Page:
Alice and Bob Learn Application Security
eBook - ePub

Alice and Bob Learn Application Security

Tanya Janca

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eBook - ePub

Alice and Bob Learn Application Security

Tanya Janca

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Learn application security from the very start, with this comprehensive and approachable guide!

Alice and Bob Learn Application Security is an accessible and thorough resource for anyone seeking to incorporate, from the beginning of the System Development Life Cycle, best security practices in software development. This book covers all the basic subjects such as threat modeling and security testing, but also dives deep into more complex and advanced topics for securing modern software systems and architectures. Throughout, the book offers analogies, stories of the characters Alice and Bob, real-life examples, technical explanations and diagrams to ensure maximum clarity of the many abstract and complicated subjects.

Topics include:

  • Secure requirements, design, coding, and deployment
  • Security Testing (all forms)
  • Common Pitfalls
  • Application Security Programs
  • Securing Modern Applications
  • Software Developer Security Hygiene

Alice and Bob Learn Application Security is perfect for aspiring application security engineers and practicing software developers, as well as software project managers, penetration testers, and chief information security officers who seek to build or improve their application security programs.

Alice and Bob Learn Application Security illustrates all the included concepts with easy-to-understand examples and concrete practical applications, furthering the reader's ability to grasp and retain the foundational and advanced topics contained within.

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Part I
What You Must Know to Write Code Safe Enough to Put on the Internet

In This Part

  • Chapter 1: Security Fundamentals
  • Chapter 2: Security Requirements
  • Chapter 3: Secure Design
  • Chapter 4: Secure Code
  • Chapter 5: Common Pitfalls

Security Fundamentals

Before learning how to create secure software, you need to understand several key security concepts. There is no point in memorizing how to implement a concept if you don’t understand when or why you need it. Learning these principles will ensure you make secure project decisions and are able to argue for better security when you face opposition. Also, knowing the reason behind security rules makes them a lot easier to live with.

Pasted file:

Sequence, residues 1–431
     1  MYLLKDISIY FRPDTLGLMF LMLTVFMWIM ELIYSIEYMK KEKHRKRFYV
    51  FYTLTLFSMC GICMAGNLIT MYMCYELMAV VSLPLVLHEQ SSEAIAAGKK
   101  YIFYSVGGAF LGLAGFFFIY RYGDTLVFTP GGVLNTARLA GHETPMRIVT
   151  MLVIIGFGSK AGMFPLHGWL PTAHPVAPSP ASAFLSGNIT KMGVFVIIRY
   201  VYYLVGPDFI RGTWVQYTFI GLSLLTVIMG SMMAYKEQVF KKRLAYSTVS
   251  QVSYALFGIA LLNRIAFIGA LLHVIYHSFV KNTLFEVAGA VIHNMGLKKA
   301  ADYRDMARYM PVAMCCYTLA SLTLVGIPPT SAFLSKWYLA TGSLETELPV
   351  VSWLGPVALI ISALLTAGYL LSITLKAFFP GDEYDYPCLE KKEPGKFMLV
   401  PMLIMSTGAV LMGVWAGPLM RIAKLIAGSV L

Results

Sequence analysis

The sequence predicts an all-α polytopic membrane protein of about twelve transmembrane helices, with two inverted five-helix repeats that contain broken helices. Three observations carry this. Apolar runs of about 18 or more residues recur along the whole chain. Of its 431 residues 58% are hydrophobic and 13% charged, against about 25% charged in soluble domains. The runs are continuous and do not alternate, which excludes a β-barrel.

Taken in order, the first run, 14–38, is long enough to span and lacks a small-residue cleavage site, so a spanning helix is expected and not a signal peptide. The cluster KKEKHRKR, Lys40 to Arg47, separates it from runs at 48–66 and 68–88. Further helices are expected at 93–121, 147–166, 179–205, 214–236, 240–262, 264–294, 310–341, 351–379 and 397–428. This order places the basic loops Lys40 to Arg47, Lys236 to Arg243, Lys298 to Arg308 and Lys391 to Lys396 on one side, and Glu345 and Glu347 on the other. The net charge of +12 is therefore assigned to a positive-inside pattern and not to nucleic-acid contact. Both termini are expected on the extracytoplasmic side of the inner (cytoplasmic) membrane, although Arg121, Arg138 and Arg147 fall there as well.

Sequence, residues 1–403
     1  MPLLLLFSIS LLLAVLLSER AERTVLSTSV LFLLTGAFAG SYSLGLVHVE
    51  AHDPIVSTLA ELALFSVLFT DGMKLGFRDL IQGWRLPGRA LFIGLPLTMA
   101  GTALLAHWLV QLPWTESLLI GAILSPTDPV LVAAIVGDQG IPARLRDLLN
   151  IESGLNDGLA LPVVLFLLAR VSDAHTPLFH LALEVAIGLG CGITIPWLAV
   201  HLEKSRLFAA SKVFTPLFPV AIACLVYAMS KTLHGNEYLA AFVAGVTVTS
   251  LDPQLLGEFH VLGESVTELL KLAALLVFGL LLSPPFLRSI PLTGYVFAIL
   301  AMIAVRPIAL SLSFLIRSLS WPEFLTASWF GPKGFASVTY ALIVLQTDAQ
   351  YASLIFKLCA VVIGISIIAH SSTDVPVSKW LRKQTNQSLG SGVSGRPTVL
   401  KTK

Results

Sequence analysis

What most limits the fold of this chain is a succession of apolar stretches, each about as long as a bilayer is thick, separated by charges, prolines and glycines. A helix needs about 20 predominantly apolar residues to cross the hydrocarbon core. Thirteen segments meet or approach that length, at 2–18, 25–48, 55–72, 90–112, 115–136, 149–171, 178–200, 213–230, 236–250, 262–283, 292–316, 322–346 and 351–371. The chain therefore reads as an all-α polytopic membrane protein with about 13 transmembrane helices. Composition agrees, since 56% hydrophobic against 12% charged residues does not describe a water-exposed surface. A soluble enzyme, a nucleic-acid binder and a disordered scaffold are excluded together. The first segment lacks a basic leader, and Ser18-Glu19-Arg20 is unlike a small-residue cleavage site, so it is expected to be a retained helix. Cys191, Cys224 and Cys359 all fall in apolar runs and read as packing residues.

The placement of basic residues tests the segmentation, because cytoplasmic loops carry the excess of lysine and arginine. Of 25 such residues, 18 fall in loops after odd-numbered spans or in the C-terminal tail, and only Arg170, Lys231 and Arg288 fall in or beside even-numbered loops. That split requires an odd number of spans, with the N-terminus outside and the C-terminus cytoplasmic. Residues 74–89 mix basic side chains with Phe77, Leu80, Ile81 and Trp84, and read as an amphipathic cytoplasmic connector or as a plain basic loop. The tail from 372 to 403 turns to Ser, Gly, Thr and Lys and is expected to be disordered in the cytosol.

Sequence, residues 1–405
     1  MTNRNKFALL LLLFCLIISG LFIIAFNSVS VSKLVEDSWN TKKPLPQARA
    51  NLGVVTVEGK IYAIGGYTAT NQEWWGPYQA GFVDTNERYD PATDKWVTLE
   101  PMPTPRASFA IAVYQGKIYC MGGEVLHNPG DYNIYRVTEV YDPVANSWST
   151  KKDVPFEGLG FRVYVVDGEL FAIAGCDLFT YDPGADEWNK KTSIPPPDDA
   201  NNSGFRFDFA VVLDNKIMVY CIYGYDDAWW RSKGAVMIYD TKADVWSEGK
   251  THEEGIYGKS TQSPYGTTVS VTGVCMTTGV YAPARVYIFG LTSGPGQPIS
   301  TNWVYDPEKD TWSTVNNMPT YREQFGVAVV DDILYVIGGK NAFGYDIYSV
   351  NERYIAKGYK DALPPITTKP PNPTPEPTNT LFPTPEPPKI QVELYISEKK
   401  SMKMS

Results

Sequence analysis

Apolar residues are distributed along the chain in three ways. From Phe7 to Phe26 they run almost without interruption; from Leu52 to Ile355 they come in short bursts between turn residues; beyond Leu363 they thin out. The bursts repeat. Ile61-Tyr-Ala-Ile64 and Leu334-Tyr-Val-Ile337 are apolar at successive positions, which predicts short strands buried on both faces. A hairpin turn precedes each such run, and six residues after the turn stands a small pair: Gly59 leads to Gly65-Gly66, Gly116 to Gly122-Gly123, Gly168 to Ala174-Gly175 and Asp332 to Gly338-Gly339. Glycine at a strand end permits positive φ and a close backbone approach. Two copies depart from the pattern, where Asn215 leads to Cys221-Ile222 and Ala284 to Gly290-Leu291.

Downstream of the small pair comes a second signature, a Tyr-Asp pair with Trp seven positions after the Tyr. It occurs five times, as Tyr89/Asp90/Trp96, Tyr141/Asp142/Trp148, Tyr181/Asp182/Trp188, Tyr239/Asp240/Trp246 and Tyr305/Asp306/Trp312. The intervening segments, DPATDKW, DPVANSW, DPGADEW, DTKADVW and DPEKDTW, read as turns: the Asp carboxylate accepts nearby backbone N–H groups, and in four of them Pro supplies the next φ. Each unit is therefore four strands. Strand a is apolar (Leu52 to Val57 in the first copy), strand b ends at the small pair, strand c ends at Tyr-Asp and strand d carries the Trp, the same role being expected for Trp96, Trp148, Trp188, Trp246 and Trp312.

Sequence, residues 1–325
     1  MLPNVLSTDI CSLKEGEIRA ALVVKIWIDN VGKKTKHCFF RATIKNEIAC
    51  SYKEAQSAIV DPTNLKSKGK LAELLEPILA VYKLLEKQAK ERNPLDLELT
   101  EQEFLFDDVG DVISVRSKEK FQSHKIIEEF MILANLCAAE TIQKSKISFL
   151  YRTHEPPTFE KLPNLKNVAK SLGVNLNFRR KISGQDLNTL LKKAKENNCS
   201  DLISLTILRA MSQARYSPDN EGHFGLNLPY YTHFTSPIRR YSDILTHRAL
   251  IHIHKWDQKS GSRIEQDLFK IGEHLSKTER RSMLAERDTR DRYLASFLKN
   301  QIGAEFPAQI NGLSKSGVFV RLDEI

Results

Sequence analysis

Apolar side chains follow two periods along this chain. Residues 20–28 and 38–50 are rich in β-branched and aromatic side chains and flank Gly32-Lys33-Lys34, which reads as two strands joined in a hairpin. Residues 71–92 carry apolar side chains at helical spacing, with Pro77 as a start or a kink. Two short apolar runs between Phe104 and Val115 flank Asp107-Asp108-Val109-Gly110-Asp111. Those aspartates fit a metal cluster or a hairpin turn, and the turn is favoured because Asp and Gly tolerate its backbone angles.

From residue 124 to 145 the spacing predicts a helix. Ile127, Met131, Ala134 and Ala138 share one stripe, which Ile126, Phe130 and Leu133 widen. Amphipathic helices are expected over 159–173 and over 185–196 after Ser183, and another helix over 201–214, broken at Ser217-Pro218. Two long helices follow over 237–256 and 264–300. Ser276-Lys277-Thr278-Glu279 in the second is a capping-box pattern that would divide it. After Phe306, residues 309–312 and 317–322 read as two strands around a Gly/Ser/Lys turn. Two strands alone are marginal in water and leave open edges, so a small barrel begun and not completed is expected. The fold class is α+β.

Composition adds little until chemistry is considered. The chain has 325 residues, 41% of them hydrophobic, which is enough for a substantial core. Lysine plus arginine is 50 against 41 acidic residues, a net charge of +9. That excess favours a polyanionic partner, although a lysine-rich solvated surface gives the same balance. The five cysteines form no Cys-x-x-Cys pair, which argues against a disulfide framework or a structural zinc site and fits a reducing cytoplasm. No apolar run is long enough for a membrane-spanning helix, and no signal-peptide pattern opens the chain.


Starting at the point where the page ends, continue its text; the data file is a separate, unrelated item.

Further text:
The Security Mandate: CIA

The mandate and purpose of every IT security team is to protect the confidentiality, integrity, and availability of the systems and data of the company, government, or organization that they work for. That is why the security team hassles you about having unnecessary administrator rights on your work machine, won’t let you plug unknown devices into the network, and wants you to do all the other things that feel inconvenient; they want to protect these three things. We call it the “CIA Triad” for short (Figure 1-1).
Let’s examine this with our friends Alice and Bob. Alice has type 1 diabetes and uses a tiny device implanted in her arm to check her insulin several times a day, while Bob has a “smart” pacemaker that regulates his heart, which he accesses via a mobile app on this phone. Both of these devices are referred to as IoT medical device implants in our industry.
Schematic illustration of the CIA Triad which is the reason IT Security teams exist.
Figure 1-1: The CIA Triad is the reason IT Security teams exist.
NOTE IoT stands for Internet of Things, physical products that are internet connected. A smart toaster or a fridge that talks to the internet are IoT devices.


Alice is the CEO of a large Fortune 500 company, and although she is not ashamed that she is a type 1 diabetic, she does not want this information to become public. She is often interviewed by the media and does public speaking, serving as a role model for many other women in her industry. Alice works hard to keep her personal life private, and this includes her health condition. She believes that some people within her organization are after her job and would do anything to try to portray her as “weak” in an effort to undermine her authority. If her device were to accidentally leak her information, showing itself on public networks, or if her account information became part of a breach, this would be highly embarrassing for her and potentially damaging to her career. Keeping her personal life private is important to Alice.
Bob, on the other hand, is open about his heart condition and happy to tell anyone that he has a pacemaker. He has a great insurance plan with the federal government and is grateful that when he retires he can continue with his plan, despite his pre-existing condition. Confidentiality is not a priority for Bob in this respect (Figure 1-2).